The Kardashev Scale


“Dyson Sphere” by Kevin M. Gill is licensed under CC BY 2.0

By: Isabel D'mello, Journalist

We can only make assumptions about the nature of alien life; if it even exists. Since we cannot study evolution and the beginning of life on multiple planets, there is currently no way to know if alien life is familiar or weird to Earth’s life. However, there is one thing that all life has in common: energy.

The Kardashev scale was invented by Nikolai Kardashev. It uses the amount of energy at a civilization’s disposal to measure its advancement. The original scale had three types of advanced civilizations:

Type I – A civilization that can harness the energy of its entire planet.

Type II – A civilization that can harness the energy of its solar/planetary system.

Type III – A civilization that can harness the energy of its galaxy.

Modern astronomers have added on to this scale:

Type IV – A civilization that can harness the energy of an entire universe.

Type V – A civilization that can harness the energy of multiple universes.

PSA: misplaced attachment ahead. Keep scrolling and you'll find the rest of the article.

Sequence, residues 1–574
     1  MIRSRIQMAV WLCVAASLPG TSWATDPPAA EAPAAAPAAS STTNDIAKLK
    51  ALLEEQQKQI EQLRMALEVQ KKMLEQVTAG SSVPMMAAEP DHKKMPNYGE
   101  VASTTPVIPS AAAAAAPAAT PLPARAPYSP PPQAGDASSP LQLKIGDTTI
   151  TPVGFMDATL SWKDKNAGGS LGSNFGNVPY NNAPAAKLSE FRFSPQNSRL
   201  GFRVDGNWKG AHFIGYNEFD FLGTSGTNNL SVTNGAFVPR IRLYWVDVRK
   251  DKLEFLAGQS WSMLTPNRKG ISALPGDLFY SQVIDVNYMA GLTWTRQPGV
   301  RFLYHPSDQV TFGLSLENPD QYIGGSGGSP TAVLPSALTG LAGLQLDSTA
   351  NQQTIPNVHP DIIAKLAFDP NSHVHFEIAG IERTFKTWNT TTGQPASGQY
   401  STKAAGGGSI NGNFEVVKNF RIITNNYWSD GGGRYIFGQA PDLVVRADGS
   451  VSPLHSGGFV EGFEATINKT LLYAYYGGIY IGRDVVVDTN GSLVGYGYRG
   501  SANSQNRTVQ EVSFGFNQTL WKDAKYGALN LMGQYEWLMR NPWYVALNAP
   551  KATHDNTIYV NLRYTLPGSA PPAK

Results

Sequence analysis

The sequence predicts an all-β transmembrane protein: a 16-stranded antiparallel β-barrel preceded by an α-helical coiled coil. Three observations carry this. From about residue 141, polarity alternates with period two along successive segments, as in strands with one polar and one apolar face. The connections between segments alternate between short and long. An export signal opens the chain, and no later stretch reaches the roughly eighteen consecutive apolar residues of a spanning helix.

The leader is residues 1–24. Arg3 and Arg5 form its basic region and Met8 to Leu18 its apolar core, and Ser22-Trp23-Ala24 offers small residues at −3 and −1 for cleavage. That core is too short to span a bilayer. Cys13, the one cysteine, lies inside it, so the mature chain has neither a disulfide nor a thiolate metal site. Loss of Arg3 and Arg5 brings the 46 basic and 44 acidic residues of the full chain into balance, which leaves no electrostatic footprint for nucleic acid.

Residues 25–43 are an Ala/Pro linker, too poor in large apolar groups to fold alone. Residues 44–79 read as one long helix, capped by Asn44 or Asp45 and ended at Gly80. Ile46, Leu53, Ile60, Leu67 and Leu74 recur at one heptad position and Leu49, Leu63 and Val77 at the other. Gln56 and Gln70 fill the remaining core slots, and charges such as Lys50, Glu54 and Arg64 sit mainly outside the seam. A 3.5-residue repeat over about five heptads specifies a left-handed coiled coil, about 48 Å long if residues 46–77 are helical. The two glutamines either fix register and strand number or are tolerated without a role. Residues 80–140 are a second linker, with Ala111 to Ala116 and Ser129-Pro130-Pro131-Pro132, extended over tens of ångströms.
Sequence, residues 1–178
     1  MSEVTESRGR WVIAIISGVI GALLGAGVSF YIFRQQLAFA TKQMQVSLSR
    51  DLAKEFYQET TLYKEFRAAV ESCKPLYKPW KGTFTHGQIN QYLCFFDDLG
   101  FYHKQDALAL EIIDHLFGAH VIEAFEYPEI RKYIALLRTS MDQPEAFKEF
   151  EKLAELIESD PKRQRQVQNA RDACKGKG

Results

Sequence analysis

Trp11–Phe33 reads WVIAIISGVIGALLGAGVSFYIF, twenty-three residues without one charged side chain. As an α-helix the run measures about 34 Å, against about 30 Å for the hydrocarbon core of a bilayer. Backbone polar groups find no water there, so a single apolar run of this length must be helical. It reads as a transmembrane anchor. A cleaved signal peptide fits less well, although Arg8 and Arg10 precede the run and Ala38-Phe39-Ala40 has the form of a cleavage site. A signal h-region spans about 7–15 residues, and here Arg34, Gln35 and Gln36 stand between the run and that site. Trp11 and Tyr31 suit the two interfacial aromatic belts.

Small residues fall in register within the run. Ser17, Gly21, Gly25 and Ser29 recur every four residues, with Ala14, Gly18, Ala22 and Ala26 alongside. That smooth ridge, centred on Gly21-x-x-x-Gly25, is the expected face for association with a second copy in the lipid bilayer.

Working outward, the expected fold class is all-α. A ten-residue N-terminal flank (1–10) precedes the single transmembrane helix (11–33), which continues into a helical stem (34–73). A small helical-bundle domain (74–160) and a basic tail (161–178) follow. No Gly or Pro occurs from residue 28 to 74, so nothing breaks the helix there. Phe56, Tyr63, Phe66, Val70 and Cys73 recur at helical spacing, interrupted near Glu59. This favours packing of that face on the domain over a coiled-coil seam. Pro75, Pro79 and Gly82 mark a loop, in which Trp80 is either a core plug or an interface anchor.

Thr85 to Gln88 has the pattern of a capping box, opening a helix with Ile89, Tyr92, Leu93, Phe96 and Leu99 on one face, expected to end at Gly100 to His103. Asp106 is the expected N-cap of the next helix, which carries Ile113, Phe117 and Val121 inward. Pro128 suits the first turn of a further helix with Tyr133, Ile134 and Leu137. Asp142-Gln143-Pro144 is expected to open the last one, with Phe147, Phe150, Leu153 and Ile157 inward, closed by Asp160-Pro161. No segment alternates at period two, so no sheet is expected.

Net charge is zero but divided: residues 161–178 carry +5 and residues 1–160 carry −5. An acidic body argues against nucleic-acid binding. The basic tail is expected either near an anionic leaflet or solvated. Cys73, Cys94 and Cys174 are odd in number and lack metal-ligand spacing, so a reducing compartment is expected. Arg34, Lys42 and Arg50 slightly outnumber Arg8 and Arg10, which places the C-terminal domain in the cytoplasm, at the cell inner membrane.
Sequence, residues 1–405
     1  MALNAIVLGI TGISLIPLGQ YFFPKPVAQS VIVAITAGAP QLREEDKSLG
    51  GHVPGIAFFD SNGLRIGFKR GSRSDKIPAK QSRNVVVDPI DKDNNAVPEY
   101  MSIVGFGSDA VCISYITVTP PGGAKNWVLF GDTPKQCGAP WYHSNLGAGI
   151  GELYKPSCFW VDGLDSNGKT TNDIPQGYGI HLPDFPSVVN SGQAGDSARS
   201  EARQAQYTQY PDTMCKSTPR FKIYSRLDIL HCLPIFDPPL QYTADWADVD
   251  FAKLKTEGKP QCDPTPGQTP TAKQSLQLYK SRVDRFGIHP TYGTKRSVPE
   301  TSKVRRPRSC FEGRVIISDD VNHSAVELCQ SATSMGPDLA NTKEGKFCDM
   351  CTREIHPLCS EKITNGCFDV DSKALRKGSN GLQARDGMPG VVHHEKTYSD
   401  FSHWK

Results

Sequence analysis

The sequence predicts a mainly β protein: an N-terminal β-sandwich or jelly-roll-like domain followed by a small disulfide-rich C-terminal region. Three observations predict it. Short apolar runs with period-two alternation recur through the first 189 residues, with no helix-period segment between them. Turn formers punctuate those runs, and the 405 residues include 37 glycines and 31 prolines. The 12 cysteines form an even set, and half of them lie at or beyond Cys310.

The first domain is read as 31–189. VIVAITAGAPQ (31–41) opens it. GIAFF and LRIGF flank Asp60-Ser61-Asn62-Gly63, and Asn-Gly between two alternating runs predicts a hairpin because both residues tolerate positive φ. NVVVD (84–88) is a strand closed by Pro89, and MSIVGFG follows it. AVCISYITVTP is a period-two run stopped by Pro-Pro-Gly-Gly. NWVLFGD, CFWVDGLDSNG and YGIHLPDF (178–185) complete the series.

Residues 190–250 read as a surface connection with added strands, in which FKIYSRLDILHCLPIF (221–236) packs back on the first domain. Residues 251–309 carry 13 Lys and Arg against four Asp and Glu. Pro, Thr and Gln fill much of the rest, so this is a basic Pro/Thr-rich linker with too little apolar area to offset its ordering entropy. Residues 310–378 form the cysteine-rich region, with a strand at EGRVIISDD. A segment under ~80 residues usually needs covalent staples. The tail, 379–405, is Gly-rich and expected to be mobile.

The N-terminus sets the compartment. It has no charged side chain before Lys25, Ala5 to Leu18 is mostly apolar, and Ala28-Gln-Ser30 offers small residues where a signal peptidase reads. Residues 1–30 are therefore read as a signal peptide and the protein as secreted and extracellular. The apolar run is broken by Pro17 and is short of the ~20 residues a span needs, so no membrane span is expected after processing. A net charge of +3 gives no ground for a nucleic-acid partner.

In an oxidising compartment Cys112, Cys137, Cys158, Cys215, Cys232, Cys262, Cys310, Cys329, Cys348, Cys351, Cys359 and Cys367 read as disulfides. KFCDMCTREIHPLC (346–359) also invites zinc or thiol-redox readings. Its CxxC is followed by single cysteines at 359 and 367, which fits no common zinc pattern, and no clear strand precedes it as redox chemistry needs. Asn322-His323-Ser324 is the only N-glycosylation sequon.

And of course, there’s Type 0, which doesn’t rank on the scale. This level is about where humans are since we haven’t conquered the whole planet yet.

With that said, why haven’t humans reached Type I?

It remains true that technological advancement takes time; each generation is more knowledgeable than the one before it. We didn’t go from caveman to cashier overnight. However, there have always been ways to expedite the process. Humans are a divided species; we have countless wars, and loyalties lie not with the species as a whole but to specific groups (countries, states, religions, etc.). Taken on a galactic scale, the conflicts between these groups are civil. Altruism was never an option nor even close to one. Our greed and arrogance by far supersede any selflessness, and they are our downfall.

These characteristics project into the visualization of extraterrestrial life. When we picture aliens in the media or our imaginations, they are often violent and a threat to humanity. Without knowing anything about alien life, we are quick to make such assumptions. If anything, aliens reflect ourselves more than extraterrestrial life. We picture aliens attacking us because we are a lesser advanced species. We anticipate this because if we were in the position of the aliens, we would attack the more primitive species, so we expect the same extraterrestrial life.

In conclusion, if we want to advance as a society and species, we must work together and respect our differences.

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